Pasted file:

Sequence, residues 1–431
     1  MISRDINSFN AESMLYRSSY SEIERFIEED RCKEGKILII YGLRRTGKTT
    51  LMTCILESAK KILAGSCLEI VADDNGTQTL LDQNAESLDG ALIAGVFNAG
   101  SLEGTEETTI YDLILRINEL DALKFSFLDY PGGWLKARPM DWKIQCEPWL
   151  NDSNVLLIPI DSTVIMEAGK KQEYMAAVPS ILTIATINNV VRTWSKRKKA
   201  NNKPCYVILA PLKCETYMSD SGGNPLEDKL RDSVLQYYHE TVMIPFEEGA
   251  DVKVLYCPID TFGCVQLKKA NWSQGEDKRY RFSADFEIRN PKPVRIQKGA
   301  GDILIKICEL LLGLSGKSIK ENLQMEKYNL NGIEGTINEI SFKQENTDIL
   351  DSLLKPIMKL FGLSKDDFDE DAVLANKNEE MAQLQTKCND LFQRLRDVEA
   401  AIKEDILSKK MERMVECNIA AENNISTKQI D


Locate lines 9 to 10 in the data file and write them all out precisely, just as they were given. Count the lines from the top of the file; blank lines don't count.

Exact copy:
   351  DSLLKPIMKL FGLSKDDFDE DAVLANKNEE MAQLQTKCND LFQRLRDVEA
   401  AIKEDILSKK MERMVECNIA AENNISTKQI D